He studied at the Perse school in Cambridge, where he played Hamlet, learned the art of public speaking and was head boy. Peter got a scholarship to read English at St Catharine’s College, Cambridge, and had learned the power of art and the importance of script texts. He was provided with a leap into the industry at Cambridge University as an undergraduate. He was given a two-week London run at the Arts Theatre in 1953. Hall adapted very quickly in the industry and made his name with the production of Lorca’s Blood Wedding and Gide’s The Immoralist. He was offered the directorship of the Arts theatre. At the age of 24 he found himself running the London theatre, achieving his aspiration from a child now as a young man.
Hall founded the Royal Shakespeare Company when he was just 29, which he led until 1968.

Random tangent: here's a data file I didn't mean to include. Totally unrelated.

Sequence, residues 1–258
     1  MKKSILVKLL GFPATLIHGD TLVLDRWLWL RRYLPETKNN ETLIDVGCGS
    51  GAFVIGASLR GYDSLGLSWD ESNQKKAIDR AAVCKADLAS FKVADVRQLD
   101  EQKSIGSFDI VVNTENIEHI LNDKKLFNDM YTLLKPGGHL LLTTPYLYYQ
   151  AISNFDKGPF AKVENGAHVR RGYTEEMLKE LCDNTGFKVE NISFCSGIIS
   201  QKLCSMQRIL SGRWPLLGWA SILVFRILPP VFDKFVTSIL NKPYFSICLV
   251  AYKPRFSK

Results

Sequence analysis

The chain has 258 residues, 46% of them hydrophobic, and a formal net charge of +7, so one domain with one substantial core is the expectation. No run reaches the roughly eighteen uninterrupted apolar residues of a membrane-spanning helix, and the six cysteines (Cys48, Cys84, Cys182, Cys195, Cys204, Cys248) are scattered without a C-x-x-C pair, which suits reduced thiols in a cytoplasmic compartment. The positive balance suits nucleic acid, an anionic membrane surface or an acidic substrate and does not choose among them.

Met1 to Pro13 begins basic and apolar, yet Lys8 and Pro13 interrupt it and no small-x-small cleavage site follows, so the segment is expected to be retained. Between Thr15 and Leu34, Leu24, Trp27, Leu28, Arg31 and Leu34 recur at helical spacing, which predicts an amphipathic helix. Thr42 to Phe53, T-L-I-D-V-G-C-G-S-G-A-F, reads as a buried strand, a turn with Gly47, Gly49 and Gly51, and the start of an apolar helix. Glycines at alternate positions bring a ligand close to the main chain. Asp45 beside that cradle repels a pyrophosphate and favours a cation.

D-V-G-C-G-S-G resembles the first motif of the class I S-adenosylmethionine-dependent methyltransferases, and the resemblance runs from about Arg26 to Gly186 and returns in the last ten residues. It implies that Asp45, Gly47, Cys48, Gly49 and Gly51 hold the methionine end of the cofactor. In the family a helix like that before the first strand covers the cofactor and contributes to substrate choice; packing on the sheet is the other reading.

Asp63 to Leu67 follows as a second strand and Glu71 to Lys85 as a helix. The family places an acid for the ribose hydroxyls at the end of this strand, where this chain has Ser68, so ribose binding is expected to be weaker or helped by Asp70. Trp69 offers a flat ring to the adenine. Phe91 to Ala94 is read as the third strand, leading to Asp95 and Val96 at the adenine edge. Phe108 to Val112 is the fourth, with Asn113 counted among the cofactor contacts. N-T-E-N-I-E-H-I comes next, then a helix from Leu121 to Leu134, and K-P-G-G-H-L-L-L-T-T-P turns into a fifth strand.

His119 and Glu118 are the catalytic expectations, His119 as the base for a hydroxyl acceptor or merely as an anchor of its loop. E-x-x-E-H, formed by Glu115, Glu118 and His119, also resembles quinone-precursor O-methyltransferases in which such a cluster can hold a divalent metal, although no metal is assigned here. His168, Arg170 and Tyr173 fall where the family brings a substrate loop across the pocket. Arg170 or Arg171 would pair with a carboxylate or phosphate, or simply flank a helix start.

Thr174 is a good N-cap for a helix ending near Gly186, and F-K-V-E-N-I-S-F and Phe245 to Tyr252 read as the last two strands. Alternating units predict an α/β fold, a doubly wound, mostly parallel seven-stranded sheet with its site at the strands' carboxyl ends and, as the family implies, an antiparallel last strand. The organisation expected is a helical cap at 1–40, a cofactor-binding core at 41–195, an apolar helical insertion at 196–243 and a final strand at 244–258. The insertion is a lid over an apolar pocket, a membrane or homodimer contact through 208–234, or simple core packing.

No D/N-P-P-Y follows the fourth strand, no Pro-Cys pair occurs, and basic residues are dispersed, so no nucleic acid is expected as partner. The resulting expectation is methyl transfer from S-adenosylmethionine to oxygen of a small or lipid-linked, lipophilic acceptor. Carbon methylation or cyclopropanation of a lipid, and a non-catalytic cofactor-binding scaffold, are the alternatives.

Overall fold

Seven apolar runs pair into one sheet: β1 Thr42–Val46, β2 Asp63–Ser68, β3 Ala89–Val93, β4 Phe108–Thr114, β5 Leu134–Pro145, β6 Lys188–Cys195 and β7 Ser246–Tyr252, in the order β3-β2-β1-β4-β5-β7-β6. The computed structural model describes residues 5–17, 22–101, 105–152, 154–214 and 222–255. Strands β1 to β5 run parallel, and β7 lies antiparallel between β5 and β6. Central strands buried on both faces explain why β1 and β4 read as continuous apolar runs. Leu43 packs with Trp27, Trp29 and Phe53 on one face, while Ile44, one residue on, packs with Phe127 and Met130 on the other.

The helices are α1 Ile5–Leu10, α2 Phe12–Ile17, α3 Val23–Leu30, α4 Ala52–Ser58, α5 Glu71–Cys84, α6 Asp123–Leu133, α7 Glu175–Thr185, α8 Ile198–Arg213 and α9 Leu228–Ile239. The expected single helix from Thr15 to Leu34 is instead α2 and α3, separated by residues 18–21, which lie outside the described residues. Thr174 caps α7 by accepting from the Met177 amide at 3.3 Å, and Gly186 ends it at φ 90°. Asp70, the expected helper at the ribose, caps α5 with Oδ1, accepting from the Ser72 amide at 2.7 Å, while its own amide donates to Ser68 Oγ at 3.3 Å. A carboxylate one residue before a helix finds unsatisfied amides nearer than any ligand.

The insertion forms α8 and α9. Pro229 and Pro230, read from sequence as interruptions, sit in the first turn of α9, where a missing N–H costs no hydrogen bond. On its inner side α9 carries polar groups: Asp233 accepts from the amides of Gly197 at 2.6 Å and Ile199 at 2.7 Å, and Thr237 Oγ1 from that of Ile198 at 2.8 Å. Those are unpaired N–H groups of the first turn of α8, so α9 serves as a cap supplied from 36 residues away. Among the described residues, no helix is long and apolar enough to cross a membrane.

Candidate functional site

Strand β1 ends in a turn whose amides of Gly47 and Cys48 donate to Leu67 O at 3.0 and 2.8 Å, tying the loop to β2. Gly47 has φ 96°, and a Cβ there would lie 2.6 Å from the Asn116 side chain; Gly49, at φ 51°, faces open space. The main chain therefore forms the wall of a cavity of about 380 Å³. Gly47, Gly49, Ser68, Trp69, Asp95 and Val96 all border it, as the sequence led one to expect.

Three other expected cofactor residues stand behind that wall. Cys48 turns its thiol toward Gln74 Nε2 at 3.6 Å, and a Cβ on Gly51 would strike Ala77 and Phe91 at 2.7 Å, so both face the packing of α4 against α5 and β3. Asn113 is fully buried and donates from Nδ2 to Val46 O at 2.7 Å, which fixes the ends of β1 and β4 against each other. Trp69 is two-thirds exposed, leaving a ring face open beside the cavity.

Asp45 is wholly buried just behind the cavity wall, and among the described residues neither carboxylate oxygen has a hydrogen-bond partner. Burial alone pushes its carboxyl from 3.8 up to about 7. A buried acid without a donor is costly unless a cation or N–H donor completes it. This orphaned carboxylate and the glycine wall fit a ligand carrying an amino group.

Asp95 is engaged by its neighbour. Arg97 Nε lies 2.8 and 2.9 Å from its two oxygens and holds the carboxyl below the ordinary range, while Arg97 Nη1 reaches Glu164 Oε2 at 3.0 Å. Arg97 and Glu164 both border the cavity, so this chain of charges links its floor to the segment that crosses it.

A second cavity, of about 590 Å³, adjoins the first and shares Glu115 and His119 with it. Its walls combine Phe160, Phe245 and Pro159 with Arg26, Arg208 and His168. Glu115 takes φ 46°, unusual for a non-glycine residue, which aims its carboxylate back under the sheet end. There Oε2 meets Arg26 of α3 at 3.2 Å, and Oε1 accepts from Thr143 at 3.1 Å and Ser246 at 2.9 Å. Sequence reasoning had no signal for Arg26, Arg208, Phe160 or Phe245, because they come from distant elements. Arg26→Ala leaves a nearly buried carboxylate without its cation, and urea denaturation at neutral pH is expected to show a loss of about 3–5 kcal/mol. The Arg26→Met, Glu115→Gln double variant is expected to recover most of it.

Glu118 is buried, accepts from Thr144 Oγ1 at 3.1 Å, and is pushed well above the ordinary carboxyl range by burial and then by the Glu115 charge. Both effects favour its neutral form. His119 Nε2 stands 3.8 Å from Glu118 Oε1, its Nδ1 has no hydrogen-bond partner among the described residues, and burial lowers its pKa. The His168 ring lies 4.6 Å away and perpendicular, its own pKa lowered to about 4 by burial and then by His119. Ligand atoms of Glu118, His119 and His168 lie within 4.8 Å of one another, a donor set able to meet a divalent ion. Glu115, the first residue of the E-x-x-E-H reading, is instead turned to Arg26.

While there, he directed 18 plays, including The War of the Roses, David Warner’s memorable – Hamlet and the premiere of Harold Pinter’s The Homecoming.
Hall was known as the “golden boy” in the British Theatre, with high demand in the West End, Stratford and even in New York. His production of Colette’s Gigi in 1956 introduced him to Hollywood star, Leslie Caron. They married shortly after and had two children together.
Hall won two Tony awards on Broadway, received an Olivier Award for Lifetime Achievement in 1999 and was knighted in 1977 for his services to the theatre. He directed more than 40 operas around the world.
He is survived by wife Nicki, his children, Jennifer, Lucy, Edward, Christopher, Rebecca and Emma and nine grandchildren.
Sir Peter Reginald Frederick Hall, film opera and theatre director, born 22 November 1930; died 11 September 2017.